Tuesday, June 19 marked the five year anniversary of the 2013 Sothern Alberta flood, which caused devastation to the City of Calgary from June 19 to July 12, 2013.
Five people died as a direct result of the flood, while another approximately 100,000 Albertans were displaced. A total of 32 states of local emergency were called during the flooding, and 28 emergency operation centres were activated in what was described by the Government of Alberta as the worst flood in the province’s history.
Five years later and Naheed Nenshi, mayor of Calgary now and in 2013, spoke to the years that followed the flood, and how the city has prepared for a similar disaster.
“Calgarians demonstrated extraordinary resilience during and after the devastating flood of 2013,” said Mayor Nenshi in a release.
“In the five years since, building a flood-resilient community has been a top priority for City Council and the City of Calgary. We’ve come a long way, but there is more work left to do —especially upstream.”
According to the release, the city has invested upwards of $150 million in flood risk mitigation, namely in stormwater systems throughout the city, upstream reservoirs, and improved monitoring systems.
Even so, the risk of flooding in Calgary is still a real possibility.
“Studies have shown that our strategy to reduce the impact of river flood risk, once fully implemented, will protect Calgary against another flood the size of 2013,” said Frank Frigo, the leader of Watershed Analysis, in the release.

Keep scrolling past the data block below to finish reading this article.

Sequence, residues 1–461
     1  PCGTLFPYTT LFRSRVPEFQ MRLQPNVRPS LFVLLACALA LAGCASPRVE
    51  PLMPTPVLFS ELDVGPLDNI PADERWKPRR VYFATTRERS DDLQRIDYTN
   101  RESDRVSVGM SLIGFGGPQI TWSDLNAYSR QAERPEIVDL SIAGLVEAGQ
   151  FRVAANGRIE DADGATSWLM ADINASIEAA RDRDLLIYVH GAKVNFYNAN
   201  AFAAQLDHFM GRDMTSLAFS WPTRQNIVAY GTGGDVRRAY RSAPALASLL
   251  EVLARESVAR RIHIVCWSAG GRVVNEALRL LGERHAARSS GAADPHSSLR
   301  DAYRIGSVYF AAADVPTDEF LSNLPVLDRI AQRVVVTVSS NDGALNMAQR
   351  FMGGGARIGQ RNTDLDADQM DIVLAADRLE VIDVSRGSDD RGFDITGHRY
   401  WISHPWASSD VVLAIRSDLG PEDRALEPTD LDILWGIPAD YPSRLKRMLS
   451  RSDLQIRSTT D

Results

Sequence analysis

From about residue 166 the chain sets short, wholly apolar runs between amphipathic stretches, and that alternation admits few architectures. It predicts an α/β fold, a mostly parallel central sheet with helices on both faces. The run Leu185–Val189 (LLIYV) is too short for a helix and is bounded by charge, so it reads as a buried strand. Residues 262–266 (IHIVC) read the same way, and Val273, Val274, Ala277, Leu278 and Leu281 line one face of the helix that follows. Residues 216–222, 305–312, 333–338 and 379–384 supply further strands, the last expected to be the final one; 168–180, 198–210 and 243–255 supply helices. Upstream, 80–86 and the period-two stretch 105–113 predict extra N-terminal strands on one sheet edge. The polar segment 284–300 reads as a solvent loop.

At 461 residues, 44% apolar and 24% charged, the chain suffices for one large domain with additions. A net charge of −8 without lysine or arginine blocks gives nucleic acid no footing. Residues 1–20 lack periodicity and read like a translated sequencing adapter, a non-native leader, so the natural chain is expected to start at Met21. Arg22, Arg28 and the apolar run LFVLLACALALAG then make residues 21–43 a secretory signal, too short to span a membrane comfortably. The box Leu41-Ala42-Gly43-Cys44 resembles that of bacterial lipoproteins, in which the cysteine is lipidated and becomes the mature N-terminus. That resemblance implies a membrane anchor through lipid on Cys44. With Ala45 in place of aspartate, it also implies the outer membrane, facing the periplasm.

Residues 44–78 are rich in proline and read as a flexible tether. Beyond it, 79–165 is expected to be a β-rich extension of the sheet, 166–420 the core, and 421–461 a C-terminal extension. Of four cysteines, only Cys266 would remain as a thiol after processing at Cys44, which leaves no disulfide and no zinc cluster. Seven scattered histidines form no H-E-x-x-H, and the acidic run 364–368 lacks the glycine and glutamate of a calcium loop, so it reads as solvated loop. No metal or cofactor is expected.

“We cannot prevent river flooding but we are working with our provincial and federal partners to reduce its impact.”
According to Frigo, the risk of flood damage has been reduced by over 30% since 2013.
“Together with the province, we have committed more than $150-million towards projects that have reduced our risk of river flood damage by one-third since 2013,” Frigo said in the release.
“Today, we are better positioned to understand and manage our flood risks.”
The release also stated that Calgary is most at risk of flooding between May 15 and July 15, and that all Calgarians should educate themselves on how to protect their properties, possessions, and loved ones from the damage that river flooding can cause.
To do so, Calgarians are urged to learn more about river flooding at the City of Calgary’s website, search online to see if their home is at risk, sign up for a newsletter, download the flood readiness guide, and prepare a 72-hour emergency kit.